Showing posts from July, 2011

How to Save Pakistan from Internal, Economic Threat

 How should the Army handle the free fall?
Shaheen Sehbai Former Army chief retired General Mirza Aslam Beg has now come out with an open invitation to the GHQ to intervene although he is confused on how this should be done. His considered view coincides with the growing frustration and lack of confidence in Pakistan and around the world in the political leadership of Pakistan to handle the enormous challenges facing the country.
Regrettably, most of these problems and challenges were born or aggravated because they were either not handled properly or deliberately mishandled.
Beg has joined the growing club of concerned people including some top Pakistani diplomats, former holders of important government positions and known economists and technocrats who think the quality of leadership in Pakistan is so pathetic that severe damage was being done to the State of Pakistan which, if not halted now, could become irreversible and fatal.
A known Pakistani diplomat openly discusses this failure i…

Back to Machiavelli: Corruption & Pak Politics

WebpageTransla Machiavelli’s realpolitik, or pragmatic politics, is justified by not only dictators but also many democratic leaders. Perhaps Pakistani leaders do not read Machiavelli but they are the true embodiment of his Prince. They have sycophants around them to admire and praise them and transform them as great and popular leaders. In return these sycophants are pleased by receiving high titles that they do not deserve. Those who oppose the rulers are isolated, imprisoned and tortured. Under such leaders people are given opportunities for corruption. The state and its institutions become tools to protect corrupt leaders and their interests rather than protecting the people against them. Agitation is crushed by brute force. After studying the politics of Pakistan, we can conclude that some of our leaders have further embellished Machiavelli’s ideology.

Thinkers and philosophers throughout history made efforts to persuade rulers to observe principals of justice in order to protect t…

Nation and Army: Facing the Storm-Winds Together


“My centre is giving way, my right is in retreat; situation excellent. I shall attack.”

– Marshal Foch (First World War)
Under attack from all sides, this should be the motto of the Pakistan Army in these trying and, I daresay, bracing times. For what can be more bracing than the winds howling, the storm-clouds bursting, the earth shaking beneath your feet, but your heart steady and your resolve unshaken?
The army’s past is less than glorious. It has done things for which it has been justly criticised: interventions a hapless nation could have done without, saviours and messiahs – a depressing gallery of four – whose collective output has contributed more than anything else to bring us to our present pass.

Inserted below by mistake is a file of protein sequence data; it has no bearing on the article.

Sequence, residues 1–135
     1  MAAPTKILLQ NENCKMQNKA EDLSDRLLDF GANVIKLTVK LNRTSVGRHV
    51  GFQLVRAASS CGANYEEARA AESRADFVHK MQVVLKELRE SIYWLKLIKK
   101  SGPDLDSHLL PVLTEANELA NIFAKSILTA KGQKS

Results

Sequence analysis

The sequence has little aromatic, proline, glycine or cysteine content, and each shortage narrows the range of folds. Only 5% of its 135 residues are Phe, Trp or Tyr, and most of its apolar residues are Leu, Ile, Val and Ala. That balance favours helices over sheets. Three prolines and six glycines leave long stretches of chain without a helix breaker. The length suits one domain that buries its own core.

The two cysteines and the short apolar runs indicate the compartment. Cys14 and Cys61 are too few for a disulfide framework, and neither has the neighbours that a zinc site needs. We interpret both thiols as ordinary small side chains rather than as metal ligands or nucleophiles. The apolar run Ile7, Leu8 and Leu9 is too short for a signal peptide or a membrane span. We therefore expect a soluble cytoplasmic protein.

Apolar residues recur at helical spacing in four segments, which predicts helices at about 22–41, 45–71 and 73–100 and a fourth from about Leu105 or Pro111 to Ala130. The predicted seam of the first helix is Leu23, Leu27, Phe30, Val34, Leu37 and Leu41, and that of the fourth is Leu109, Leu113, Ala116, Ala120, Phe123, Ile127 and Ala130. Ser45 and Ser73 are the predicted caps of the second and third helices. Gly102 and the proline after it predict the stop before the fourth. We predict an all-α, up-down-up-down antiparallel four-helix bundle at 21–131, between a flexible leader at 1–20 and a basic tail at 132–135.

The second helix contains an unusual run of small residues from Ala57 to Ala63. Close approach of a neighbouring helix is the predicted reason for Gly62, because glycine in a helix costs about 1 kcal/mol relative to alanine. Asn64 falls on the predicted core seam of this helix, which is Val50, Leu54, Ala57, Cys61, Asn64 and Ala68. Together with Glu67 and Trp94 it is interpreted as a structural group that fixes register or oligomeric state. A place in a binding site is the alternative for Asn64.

But, in a remarkable turnaround, the army has started doing the right things: refraining from political interventionism, thereby supporting democracy; standing up to the United States and refusing to subordinate national interests to American interests. Far from gettin…

The Other side: Positive Role of Madaris


Zardari: Most Crooked Political Guru


Lounge Revolutionaries: History of Pakistan Politics


There have so far been three major occasions in which Pakistani middle class has broken away from its traditionally conservative disposition to come out and announce ‘revolutionary’ political aspirations. The first time when this class began demonstrating political assertiveness was in the late 1960s when the bulk of its youth began to air grievances against Pakistan’s military-industrialist nexus headed by the first military dictator, Field Martial Ayub Khan. Keeping in mind its inherent conservative outlook, one expected the middle class to oppose a secular-capitalist military dictatorship by siding with the mainstream anti-Ayub religious parties. But the many young men and women who led the revolt against Ayub turned sharply leftwards, gallivanting towards ideas such as socialism and social democracy, largely expressed through political organisations such as the nascent Pakistan People’s Party, National Students Federation and National Awami Party.
Young middle class…

Talking Tall- A peep to Muslim History in India

The roots of the modern-day Hindu-Muslim antipathy in India and sectarian violence in Pakistan lie not in the distant past, but a mere 150 years back in history; or soon after the failure of the 1857 Indian Mutiny.
As the British became a lot more imposing after the failed mutiny, they also began introducing a greater number of modern ideas and technology, some of which suddenly awakened the Muslims to a stark reality. Muslims realised that they were actually a minority in India, something that was ignored by them due to hundreds of years of Muslim rule in India.
As the region’s Muslims finally resigned to the fact that the age of Muslim kings was as good as over, a number of Muslim scholars and reformers emerged and attempted to tackle this dilemma. Four strains of such reforms emerged: The conservative Deobandi movement, the puritanical Ahl-i-Hadidh movement, the ‘folk-Islam’ of the majority Berelvi creed of Islam and the modernist Islam.
The conservative as well as mo…